Hardware

Surface Book: The Hinge

Surface book hero

Microsoft’s new Surface Book is a high-end device that the company hopes will drive consumers to buy a premium Windows laptop. If you haven’t checked out my full review yet, make sure to do so here, and in this post, we take a closer look at the brand new hinge.

The hinge is a dynamic fulcrum (DFH) design that, when closed, creates a small gap at the base of the display which gives the Surface Book a tear-drop design. At first, I was a bit concerned about the device collapsing under pressure but after putting a considerable amount of force on the hinge when closed, thse fears are put to rest.

The hinge is made out of magnesium aluminum and stainless steel parts, there is no plastic in the external construction of it which adds to the premium feel of the device and also gives you more confidence that this part will not breakdown easily.

Sponsored Content

What is “Inside Microsoft Teams”?

“Inside Microsoft Teams” is a webcast series, now in Season 4 for IT pros hosted by Microsoft Product Manager, Stephen Rose. Stephen & his guests comprised of customers, partners, and real-world experts share best practices of planning, deploying, adopting, managing, and securing Teams. You can watch any episode at your convenience, find resources, blogs, reviews of accessories certified for Teams, bonus clips, and information regarding upcoming live broadcasts on our website.

One interesting thing about hinge is that when you remove the clipboard, this is what Microsoft calls the display, the hinge is locked into whatever position you removed the display. While not an issue the majority of the time, if you do remove the display at an odd angle, it can be a bit harder to get it reattach the display. Again, not a huge issue here but something to be aware of as once the display is moved, you can not adjust the hinge until the display is reattached.

Attaching the display to the body is quite easy and is assisted by magnets in the base. The magnets, to a modest degree, align the tablet up correctly to make seating the device a simple task as long as the hinge is facing upright. The tabs that stick out from the base are sturdy and unless you really knock them hard, should not break off.

The hinge does not fold all the way back like the Lenovo Yoga devices and instead stops at, a rough estimation, 125 degrees. But, you can turn the display around, by removing it and reseating it, so that you get the tent-like-experience, as Lenovo calls it, with the Surface Book.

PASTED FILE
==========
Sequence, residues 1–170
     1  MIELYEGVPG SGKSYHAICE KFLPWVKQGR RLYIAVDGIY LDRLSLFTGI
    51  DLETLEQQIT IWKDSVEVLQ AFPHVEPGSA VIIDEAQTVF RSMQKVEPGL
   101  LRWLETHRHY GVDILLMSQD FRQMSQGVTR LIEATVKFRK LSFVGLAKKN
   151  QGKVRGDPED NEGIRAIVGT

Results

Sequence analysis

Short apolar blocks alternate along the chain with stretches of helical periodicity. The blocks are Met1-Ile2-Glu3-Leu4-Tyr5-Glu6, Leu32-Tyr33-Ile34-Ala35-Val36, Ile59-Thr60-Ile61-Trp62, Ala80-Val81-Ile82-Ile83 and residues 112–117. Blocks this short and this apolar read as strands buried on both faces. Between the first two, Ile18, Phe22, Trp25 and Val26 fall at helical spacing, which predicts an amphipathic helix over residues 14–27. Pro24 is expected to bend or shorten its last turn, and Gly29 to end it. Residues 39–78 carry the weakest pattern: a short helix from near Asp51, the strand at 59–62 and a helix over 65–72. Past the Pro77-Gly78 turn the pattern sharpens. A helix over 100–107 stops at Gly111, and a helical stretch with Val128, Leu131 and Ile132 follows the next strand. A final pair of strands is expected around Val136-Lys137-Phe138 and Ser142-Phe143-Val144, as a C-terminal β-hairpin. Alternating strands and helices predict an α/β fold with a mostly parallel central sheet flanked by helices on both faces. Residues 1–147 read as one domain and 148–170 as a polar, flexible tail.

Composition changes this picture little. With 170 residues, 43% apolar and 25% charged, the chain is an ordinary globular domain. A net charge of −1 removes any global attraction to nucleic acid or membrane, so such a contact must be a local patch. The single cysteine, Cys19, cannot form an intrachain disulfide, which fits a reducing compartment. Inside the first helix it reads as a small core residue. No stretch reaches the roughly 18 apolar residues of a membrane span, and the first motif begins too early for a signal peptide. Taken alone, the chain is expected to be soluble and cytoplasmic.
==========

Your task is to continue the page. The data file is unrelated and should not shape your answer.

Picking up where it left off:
In practice the hinge works well and is gives no indication of being a weak point of the device. Time will be the true test to see how well the hinge (and the entire device) holds up but early indications seem to suggest that the Surface Book will be able to hold its own against the test of time.

Related Topics:

BECOME A PETRI MEMBER:

Don't have a login but want to join the conversation? Sign up for a Petri Account

Register
Comments (0)

Leave a Reply

Brad Sams has more than a decade of writing and publishing experience under his belt including helping to establish new and seasoned publications From breaking news about upcoming Microsoft products to telling the story of how a billion dollar brand was birthed in his book, Beneath a Surface, Brad is a well-rounded journalist who has established himself as a trusted name in the industry.
External Sharing and Guest User Access in Microsoft 365 and Teams

This eBook will dive into policy considerations you need to make when creating and managing guest user access to your Teams network, as well as the different layers of guest access and the common challenges that accompany a more complicated Microsoft 365 infrastructure.

You will learn:

  • Who should be allowed to be invited as a guest?
  • What type of guests should be able to access files in SharePoint and OneDrive?
  • How should guests be offboarded?
  • How should you determine who has access to sensitive information in your environment?

Sponsored by:

 
Office 365 Coexistence for Mergers & Acquisitions: Don’t Panic! Make it SimpleLive Webinar on Tuesday, November 16, 2021 @ 1 pm ET

In this session, Microsoft MVPs Steve Goodman and Mike Weaver, and tenant migration expert Rich Dean, will cover the four most common steps toward Office 365 coexistence and explain the simplest route to project success.

  • Directory Sync/GAL Sync – How to prepare for access and awareness
  • Calendar Sharing – How to retrieve a user’s shared calendar, or a room’s free time
  • Email Routing – How to guarantee email is routed to the active mailbox before and after migration
  • Domain Sharing – How to accommodate both original and new SMTP domains at every stage

Aimed at IT Admins, Infrastructure Engineers and Project Managers, this session outlines both technical and project management considerations – giving you a great head start when faced with a tenant migration.the different layers of guest access and the common challenges that accompany a more complicated Microsoft 365 infrastructure.

Sponsored by: